All 30 teams in the MLB unanimously voted for the implementation of the instant-replay system and all 30 ballparks have used standardised technology. The MLB have ensured that the same 12 camera angels will be available for the replay officials. All instant replied reviews will come from a command centre in New York, where there are 12 screens lining the back wall with live feeds from every MLB ballpark.
The most exciting addition to the 2014 Major League Baseball season is the implementation of Apple’s iBeacon technology. The iBeacon technology uses Bluetooth Low Energy (BLE) technology to communicate with iPhones’ by expanding location services in iOS. Basically, it’s an extremely useful marketing tool that lets apps know when a fan has approached or leave the presence of an iBeacon.
The iBeacon is available on all iPhones’ with iOS 7 installed. In order to use this technology fans need to be using MLB.com’s At The Ballpark iOS app. The app already allows fans to access electronically, and with the use of iBeacon, ballpark goers will be able to receive directions to their phones about which gate to use and how to get to their seats. Although the app is available on both Android and iOS devices, only those will Apple devices will benefit from the bespoke iBeacon experience.
Through the use of iBeacon, the potential uses of the technology will be up to the MLB teams. However, one example of what fans can expect are being sent discounts on concession, sales and shopping items when you walk into the team shop.
Currently, the MLB league officials are directing clubs on where teams can implement the technology and what can and cannot be sent to fans. As for now, fans receive a welcome message when they check in (think of Foursquare), and maybe an offer to upgrade their seat or some discounts on concessions. However, there is an expectation that the MLB will let team become more creative with the technology once the iBeacon has proved useful to fans.
For the San Francisco Giants, the technology is just another way to better engage with fans. “Mobile and digital experiences are paramount to our fan experience,” according to Chief Information Officer, Bill Schlough. The Giants have long been the most technologically progressive teams in baseball and even other sports clubs.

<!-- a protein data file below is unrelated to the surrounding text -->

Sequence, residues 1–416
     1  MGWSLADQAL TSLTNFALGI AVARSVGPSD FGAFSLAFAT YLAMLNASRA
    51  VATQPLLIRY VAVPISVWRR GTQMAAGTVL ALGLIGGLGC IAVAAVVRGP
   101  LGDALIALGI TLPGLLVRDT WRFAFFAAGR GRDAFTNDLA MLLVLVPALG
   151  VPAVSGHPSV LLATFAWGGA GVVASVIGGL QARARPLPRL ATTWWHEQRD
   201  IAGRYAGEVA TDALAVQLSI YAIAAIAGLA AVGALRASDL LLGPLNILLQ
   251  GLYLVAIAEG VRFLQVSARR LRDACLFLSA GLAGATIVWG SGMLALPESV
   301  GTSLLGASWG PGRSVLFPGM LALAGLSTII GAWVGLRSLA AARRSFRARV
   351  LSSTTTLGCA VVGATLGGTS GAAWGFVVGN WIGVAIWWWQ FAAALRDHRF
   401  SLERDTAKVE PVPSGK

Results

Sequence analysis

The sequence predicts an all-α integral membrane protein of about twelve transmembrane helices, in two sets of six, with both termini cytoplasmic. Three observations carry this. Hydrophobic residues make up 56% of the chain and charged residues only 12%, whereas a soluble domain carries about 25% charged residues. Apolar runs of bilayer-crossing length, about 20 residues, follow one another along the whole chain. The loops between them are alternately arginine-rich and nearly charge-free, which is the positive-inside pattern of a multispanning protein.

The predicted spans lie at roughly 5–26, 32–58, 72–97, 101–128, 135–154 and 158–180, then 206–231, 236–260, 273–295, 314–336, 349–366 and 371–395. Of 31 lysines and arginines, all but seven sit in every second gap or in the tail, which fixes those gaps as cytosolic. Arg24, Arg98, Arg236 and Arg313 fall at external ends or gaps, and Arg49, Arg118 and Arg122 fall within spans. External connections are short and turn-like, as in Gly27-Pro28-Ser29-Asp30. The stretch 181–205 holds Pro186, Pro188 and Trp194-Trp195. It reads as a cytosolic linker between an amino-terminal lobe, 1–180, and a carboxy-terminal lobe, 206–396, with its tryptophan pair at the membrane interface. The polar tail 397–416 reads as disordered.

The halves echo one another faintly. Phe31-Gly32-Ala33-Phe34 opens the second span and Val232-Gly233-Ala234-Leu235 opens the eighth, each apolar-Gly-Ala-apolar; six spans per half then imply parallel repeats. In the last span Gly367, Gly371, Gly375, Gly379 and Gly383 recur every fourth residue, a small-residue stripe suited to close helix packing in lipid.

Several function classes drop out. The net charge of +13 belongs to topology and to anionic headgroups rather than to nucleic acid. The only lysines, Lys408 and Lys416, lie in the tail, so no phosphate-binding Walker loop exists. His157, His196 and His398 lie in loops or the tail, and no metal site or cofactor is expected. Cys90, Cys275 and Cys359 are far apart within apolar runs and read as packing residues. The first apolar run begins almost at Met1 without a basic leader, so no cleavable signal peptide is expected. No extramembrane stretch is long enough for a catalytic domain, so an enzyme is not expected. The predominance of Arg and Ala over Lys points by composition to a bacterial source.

During the early 2000s, Giant’s fans first enjoyed in-stadium mobile phone coverage. And in 2004 the MLB club became the first in professional sports history to turn its stadium into a complete WiFi hotspot. Currently, there are 1,289 WiFi antennas covering the San Francisco Giants AT&T Park with connectivity that’s good enough to stream video to thousands of fans.
When the RBS 6 Nations kicks off for the start of the 2014 Championship this weekend, they will be doing so on a brand new digital platform. The new platform, available in English, French and Italian, includes dynamic web and mobile sites, a Virtual Press Office, Digital Media Guide and Judiciary Platform. RBS6Nations.com
Digital Sports Agency Sotic worked with the Six Nations Committee and its related stakeholders to design and build an innovative digital platform using the latest technology ensuring the ultimate user experience for those following the action.
When ‘Rugby’s Greatest Championship’ kicks off, the website will follow the on-field action with live match coverage of all the games, in-game statistics, live images and commentary in close partnership with the official statistic provider, Opta. The site offers a wealth of historical statistics from the competition, as well as embedded YouTube video highlights from present and past fixtures.
Complementing the website is the mobile friendly platform accessible from any smart phone or tablet. The content during matches focuses on the live action, defaulting the fans’ view to the match centre for instant updates on all the fixtures. Last year, over 51% of all site visits came from a mobile or tablet device.
The media have their own dedicated Virtual Press Office from where they can access the new Digital Media Guide. Dynamically updated after each game, the guide displays content for journalists and broadcasters even when they are offline, unlike web pages.
“We are delighted with the new digital solution. We have an online presence that is as dynamic and expansive as the Championship itself and we hope that all fans enjoy the online experience we are delivering for them.” – Shane Whelan, Head of Digital @ Six Nations Committee
Alongside the main tournament are all the details for the Women’s Six Nations, Under-20 Six Nations, and the Under 18’s competition. Fixtures, results, squads, history and statistics are all available on the sites and within the Digital Media Guide.
The website boasts huge traffic numbers as was evident last year when the tournament was one of the world’s top ten trending sports sites during the 2013 Championship.
To catch the latest RBS 6 Nations news visit http://www.rbs6nations.com